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Unlocking the toughness of metamaterials could transform future mechanical design

Unlocking the toughness of metamaterials could transform future mechanical design

Emergence of 'fracture mechanism maps' for the design of mechanical metamaterials.

Researchers have identified the criteria needed to develop tough and damage-tolerant mechanical metamaterials. Using experiments and numerical analysis, the team investigated the continuum theories of elastic fracture mechanics in three-dimensional architected solids.

The design protocol we have developed will enable the selection of optimal structural metamaterials for applications ranging from battery electrodes to thermal insulation.

Dr Angkur Shaikeea

Mechanical metamaterials are an emerging class of ultralight materials with extreme functional properties, made possible thanks to recent advances in additive manufacturing. Its potential for use in a plethora of engineering applications, particularly as structural components, owing to its simultaneous high strength at low densities, for example, has been limited due to difficulties in evaluating failure and understanding 3D metamaterials’ tolerance to damage and defects.

But now, research, led by the University of Cambridge, takes a new look at the fundamental concepts of fracture mechanics in truss-based architected solids and provides a framework that has the potential to be applied to any 3D metamaterial, regardless of its topology and its constituent material properties. The aim here is to aid designers with a tool to not only invent new failure resilient 3D metamaterials, but also provide an engineering methodology to design with these materials. The results are reported in the journal Nature Materials, accompanied by a news and views report, also in Nature Materials

Using cutting-edge experimental techniques, the researchers were able to generate ‘fracture mechanism maps’ that can be used by metamaterial designers to evaluate failure in different applications and assess the toughness of the metamaterial – something that has, until now, been the limiting factor in mechanical design. These ‘maps’ enable the optimised metamaterial topology to be selected, based on the desired design parameters, for example, parent material property and lattice relative density.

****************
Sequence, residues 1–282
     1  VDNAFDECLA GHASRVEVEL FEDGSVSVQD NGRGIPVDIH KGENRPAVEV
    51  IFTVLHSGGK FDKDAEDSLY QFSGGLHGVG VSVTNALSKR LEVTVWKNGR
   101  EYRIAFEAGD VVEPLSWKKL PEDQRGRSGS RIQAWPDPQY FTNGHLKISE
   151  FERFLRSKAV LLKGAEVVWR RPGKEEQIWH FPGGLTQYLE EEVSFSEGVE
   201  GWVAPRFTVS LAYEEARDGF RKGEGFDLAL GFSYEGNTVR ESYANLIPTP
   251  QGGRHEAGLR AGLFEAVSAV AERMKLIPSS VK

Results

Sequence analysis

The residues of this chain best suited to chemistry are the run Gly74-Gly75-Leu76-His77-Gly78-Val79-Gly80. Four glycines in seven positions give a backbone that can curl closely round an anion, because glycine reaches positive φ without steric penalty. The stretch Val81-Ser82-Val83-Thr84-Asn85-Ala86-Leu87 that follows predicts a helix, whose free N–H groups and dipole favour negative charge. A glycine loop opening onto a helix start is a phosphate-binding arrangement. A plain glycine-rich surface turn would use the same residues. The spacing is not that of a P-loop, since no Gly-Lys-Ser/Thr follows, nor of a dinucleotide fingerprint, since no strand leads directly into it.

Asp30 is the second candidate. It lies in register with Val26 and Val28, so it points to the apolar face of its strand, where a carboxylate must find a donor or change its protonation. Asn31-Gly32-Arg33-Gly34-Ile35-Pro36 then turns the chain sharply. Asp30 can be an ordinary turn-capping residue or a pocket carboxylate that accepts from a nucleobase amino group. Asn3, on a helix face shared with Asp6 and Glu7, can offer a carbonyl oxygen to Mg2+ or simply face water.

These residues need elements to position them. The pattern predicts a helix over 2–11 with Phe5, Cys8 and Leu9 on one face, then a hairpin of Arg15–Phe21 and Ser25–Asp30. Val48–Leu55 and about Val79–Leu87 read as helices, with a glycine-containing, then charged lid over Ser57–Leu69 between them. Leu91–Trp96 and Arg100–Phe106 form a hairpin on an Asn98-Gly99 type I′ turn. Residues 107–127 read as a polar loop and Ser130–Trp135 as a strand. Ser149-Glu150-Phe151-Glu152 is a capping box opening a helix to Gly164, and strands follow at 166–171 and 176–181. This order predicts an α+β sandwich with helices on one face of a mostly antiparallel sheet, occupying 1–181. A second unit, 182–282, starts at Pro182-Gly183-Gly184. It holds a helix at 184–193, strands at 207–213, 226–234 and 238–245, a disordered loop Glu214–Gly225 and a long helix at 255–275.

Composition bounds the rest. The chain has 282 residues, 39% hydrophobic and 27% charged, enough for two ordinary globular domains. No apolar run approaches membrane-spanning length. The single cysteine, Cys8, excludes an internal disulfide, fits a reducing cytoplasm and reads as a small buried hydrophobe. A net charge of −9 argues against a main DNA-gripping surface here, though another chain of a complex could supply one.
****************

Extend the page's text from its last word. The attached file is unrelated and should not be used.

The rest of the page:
Dr Angkur Shaikeea, the Ashby Research Fellow in the Department of Engineering and lead author of the study, said: “The design protocol we have developed can be used to identify topologies that maximise the damage tolerance and/or fracture toughness of metamaterials. This will enable the selection of optimal structural metamaterials for applications ranging from battery electrodes to thermal insulation.”

The research, supervised by Professor Vikram Deshpande in the Cambridge Centre for Micromechanics, included collaboration with Professor Xiaoyu (Rayne) Zheng’s group at the University of California, Los Angeles, U.S.A.

References: 
Angkur Jyoti Dipanka Shaikeea et al. ‘The toughness of mechanical metamaterials’. Nature Materials (2022). DOI: 10.1038/s41563-021-01182-1

James Utama Surjadi and Yang Lu. ‘Design criteria for tough metamaterials’. Nature Materials 21.3 (2022): 272-274.

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